• Judge turns down challenge to Kent and Medway acute stroke centralisation
  • Campaigners argued CCGs’ decision failed to take into account health inequalities
  • Health secretary and IRP decisions still pending

Campaigners fighting a regional centralisation of stroke services have lost their judicial review.

A judgment handed down this afternoon found in favour of the Kent and Medway clinical commissioning groups’ decisions to close stroke services at three sites, and create hyperacute stroke units at three others.

However, implementing the changes still depends on the decision on a referral to the health and social care secretary, which has been passed to the Independent Reconfiguration Panel. This is expected to be made public soon.

Save Our NHS in Kent — one of the groups which launched the judicial review — is considering whether to appeal. The judge accepted two of their eight points were “arguable” and warranted a judicial review, although then decided the claim failed on both of them.

When the case was heard at the Royal Courts of Justice in December, the campaigners argued the decisions did not take account of the level of deprivation in Thanet — which would lose stroke services at the Queen Elizabeth, the Queen Mother, Hospital — which the judge accepted could “warrant permission to apply for judicial review”. 

David Blundell, who is counsel for one claimant, an unnamed Thanet man, argued the Health and Social Care Act 2012 required the NHS to take account of the impact of changes on health inequalities, and also to take decisions which reduced health inequalities.

However, Mrs Justice Farbey found the commissioners had taken into account “all relevant factors including the impact on travel times for deprived communities” and the act did ”not mandate a particular outcome”.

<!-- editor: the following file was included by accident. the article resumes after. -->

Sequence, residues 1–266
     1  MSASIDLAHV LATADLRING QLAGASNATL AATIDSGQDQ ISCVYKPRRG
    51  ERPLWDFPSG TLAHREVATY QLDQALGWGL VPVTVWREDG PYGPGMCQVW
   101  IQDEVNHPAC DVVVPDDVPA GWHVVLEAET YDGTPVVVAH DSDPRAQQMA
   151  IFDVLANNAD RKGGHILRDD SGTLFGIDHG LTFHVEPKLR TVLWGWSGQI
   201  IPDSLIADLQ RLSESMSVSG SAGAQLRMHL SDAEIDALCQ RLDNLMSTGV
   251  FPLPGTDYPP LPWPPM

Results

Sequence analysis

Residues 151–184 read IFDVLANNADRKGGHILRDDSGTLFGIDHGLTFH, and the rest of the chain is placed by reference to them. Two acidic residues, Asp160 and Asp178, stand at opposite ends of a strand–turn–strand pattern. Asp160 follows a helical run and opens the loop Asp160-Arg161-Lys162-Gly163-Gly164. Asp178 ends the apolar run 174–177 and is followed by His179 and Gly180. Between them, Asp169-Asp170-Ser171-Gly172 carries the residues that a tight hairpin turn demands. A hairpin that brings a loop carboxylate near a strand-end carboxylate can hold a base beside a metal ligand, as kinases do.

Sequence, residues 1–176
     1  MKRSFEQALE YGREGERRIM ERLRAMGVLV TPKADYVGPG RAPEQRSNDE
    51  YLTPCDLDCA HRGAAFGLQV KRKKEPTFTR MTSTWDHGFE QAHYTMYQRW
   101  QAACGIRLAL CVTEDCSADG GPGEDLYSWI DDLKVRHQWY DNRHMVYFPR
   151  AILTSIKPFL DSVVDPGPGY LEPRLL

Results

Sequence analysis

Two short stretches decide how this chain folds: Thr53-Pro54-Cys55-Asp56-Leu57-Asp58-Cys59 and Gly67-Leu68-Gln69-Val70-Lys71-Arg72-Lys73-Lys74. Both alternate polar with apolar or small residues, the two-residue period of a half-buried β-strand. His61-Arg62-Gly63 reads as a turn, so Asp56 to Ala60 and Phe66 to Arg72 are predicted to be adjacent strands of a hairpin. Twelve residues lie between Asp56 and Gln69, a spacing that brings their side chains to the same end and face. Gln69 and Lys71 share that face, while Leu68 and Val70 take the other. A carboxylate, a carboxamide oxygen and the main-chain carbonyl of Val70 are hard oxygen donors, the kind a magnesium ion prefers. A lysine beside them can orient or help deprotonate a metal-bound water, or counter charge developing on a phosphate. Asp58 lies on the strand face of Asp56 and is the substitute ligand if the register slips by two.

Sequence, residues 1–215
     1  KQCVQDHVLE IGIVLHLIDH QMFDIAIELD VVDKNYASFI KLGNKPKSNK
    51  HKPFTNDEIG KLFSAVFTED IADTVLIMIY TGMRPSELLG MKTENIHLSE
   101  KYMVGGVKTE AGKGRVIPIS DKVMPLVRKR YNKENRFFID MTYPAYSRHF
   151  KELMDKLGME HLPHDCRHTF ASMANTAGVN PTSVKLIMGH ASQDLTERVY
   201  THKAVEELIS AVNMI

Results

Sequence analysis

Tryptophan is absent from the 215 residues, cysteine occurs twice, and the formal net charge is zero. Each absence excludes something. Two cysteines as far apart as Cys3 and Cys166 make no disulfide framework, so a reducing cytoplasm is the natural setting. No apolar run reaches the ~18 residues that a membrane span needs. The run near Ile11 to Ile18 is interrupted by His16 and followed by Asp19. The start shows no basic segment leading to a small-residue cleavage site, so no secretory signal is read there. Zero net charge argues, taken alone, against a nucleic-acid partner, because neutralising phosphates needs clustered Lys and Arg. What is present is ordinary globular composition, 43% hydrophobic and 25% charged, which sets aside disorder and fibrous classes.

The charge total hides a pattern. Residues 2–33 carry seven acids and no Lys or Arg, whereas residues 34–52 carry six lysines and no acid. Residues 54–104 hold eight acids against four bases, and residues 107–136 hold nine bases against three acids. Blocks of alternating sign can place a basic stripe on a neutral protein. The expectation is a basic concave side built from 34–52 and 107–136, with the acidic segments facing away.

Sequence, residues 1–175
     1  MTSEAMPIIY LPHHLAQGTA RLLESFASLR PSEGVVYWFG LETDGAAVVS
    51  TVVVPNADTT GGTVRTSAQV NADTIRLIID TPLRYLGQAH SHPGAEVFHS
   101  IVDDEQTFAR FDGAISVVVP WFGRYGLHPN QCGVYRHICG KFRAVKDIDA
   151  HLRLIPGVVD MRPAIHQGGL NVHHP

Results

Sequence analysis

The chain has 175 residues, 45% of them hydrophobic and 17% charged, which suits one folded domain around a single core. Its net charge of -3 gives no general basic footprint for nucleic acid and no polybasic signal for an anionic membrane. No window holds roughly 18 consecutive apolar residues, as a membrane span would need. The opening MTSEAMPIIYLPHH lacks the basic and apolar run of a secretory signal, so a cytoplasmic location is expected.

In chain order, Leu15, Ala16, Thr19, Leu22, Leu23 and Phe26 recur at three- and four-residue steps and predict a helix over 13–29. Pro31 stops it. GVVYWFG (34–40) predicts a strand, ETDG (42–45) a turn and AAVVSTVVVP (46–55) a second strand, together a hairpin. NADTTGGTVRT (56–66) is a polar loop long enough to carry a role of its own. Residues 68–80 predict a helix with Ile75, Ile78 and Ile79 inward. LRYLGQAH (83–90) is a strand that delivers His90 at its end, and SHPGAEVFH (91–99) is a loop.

Justice Farbey also accepted judicial review could be warranted on the basis of an argument the consultation process had been unlawful. In particular, Jenni Richards QC, who represented Ramsgate resident Marion Keppel whose claims were supported by Save our NHS in Kent, argued the consultation did not include an option to retain services at QEQM.

However, the judge noted there had been “significant public involvement across the various stages” of the consultation which led to the chosen reconfiguration and concluded the consultation was “fair and adequate”. 

The campaigners’ other six grounds, including one focussed on patient choice, were all refused judicial review. 

Rachel Jones, senior responsible officer for the stroke review, which is led by the CCGs and sustainability and transformation partnership, said: “We are extremely pleased that the judge’s ruling means that we can improve stroke care and outcomes for local people.

“Our review of urgent stroke services, which started back in late 2014, has always been about providing the highest quality stroke care for patients and certainty for our hard-working staff.

“Evidence from other parts of the country, and from around the world, shows that this new way of providing stroke care reduces death and disability from stroke. Our focus now will be on implementing the new stroke units as soon as possible so we can deliver much-needed improvements.”

Carly Jeffrey, from Save our NHS in Kent, said: “We will be calling for effective measures to be put in place so that we can see a true picture of the before and after impact of these plans being implemented. Surprisingly, this end-to-end data isn’t recorded currently. It should be tracked from emergency call to outcome, and should apply to all changes in acute services — not only stroke, but also A&E and maternity, which are due to be reconfigured next.”

A joint committee of CCGs took the decision to set up combined hyperacute and acute stroke units in Maidstone, Ashford and Dartford last February. Units in Medway, Thanet and Tunbridge Wells were meant to close when these came on stream — but last September the unit at Tunbridge Wells closed due to staff shortages and services were temporarily concentrated at Maidstone.

Building work at the three hospitals due to host hyperacute units — the William Harvey Hospital in Ashford, Maidstone Hospital and Darent Valley Hospital, Dartford — has been delayed by the judicial review and by the referral to the health and social care secretary. The latter only relates to Medway Hospital, and was initiated by Medway Council. The Dartford and Maidstone units will now not open until at least April 2021 and the Ashford HASU has been delayed until at least October 2022.

The NHS commissioners have argued throughout that care for all stroke patients would be improved by creating hyperacute units, despite the increased travel time for some patients.